Sauber made a promising start to the Grand Prix but outside influences seemed bent on limiting their progress. Marcus Ericsson jumped from 13th on the grid to run 9th in the opening laps. The Swede held this position for the large chunk of the opening stint but lost time after a wheel gun issue in his second stop. Ericsson would eventually finish 14th.
Team-mate Felipe Nasr continued his strong form with a number of quality overtaking manoeuvres. The 21 year-old battled compatriot Felipe Massa and made a sweet switch back move on the Williams before he too lost ground after a slow pit stop. Nasr’s comeback thereafter was impressive, overtaking Alonso’s McLaren before pulling off a sublime move on Hulkenberg round the outside of turn four en route to 12th at the finish.
Try as he might, Rosberg could not quite use the pitstops to his advantage as yet again Vettel re-took a net second after the second set of stops. Rosberg’s overtake was inevitable with the faster car, but Vettel’s second error of the day made sure Rosberg was past before start-finish line. Vettel reported front wing damage after running wide at the final corner and pitted the lap after to replace it, dropping to fifth.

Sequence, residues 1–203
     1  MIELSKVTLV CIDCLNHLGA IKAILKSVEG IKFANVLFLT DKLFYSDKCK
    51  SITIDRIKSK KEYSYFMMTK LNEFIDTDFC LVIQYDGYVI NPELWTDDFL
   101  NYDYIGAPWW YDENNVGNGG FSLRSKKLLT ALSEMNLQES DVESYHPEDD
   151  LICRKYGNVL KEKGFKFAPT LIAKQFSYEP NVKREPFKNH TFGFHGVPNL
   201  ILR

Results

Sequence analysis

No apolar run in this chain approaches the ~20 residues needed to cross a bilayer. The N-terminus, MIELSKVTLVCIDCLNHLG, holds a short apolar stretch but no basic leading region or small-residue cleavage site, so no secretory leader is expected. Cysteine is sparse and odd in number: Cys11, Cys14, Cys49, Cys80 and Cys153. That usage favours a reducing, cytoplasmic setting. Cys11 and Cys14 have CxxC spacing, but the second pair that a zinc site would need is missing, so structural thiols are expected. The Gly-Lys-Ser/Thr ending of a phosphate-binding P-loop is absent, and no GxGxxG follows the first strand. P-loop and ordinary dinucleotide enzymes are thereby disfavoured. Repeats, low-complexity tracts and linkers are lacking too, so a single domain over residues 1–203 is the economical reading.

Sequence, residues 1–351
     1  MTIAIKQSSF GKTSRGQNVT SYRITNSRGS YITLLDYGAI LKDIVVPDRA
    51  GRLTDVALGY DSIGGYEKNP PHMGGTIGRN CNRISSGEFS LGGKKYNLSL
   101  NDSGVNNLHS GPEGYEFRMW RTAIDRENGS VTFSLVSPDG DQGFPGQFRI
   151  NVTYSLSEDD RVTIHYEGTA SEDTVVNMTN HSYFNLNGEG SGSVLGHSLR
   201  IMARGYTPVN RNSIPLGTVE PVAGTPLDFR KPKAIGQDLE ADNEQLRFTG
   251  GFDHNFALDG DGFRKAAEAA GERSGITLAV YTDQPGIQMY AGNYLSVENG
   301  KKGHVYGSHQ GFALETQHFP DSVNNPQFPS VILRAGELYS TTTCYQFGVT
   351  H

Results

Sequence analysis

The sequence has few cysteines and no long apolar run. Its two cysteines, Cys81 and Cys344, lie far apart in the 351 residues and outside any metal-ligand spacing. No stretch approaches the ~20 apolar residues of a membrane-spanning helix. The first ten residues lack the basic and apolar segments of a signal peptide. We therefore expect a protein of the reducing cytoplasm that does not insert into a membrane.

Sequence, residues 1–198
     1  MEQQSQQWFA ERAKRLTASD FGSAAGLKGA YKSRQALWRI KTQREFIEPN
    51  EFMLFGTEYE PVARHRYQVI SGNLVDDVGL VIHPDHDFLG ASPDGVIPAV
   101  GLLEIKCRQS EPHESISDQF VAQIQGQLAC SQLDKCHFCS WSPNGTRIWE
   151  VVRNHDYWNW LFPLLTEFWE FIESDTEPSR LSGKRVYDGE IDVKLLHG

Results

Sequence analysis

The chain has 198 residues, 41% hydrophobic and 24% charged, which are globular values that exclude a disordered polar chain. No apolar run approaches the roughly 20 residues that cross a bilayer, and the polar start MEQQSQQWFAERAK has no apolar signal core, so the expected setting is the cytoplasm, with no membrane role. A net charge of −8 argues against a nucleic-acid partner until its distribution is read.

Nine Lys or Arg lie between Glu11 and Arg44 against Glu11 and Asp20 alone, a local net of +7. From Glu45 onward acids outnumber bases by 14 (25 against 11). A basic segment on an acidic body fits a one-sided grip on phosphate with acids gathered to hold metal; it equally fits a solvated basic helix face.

Raikkonen, so often the faster of the two Ferraris in the race moved up into third place. The Finn was running a longer final stint and stayed out despite track conditions hampering his overall grip. Raikkonen made his final stop on lap 41, leaving him some 19s behind second placed Rosberg.
Behind the top three battle, it was a relatively quiet race. Williams’ Valtteri Bottas stayed out of trouble for the large portion of the race and found himself ahead of Vettel after the German’s wing change. Vettel struggled to get close enough to make the pass despite having use of the DRS.